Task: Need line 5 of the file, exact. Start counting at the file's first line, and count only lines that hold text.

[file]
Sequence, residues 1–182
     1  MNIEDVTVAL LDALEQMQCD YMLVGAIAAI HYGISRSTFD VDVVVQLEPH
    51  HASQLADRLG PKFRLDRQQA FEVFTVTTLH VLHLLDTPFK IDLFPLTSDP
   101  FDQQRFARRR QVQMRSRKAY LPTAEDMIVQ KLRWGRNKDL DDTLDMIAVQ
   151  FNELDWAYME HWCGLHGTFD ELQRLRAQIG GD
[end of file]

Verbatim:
   151  FNELDWAYME HWCGLHGTFD ELQRLRAQIG GD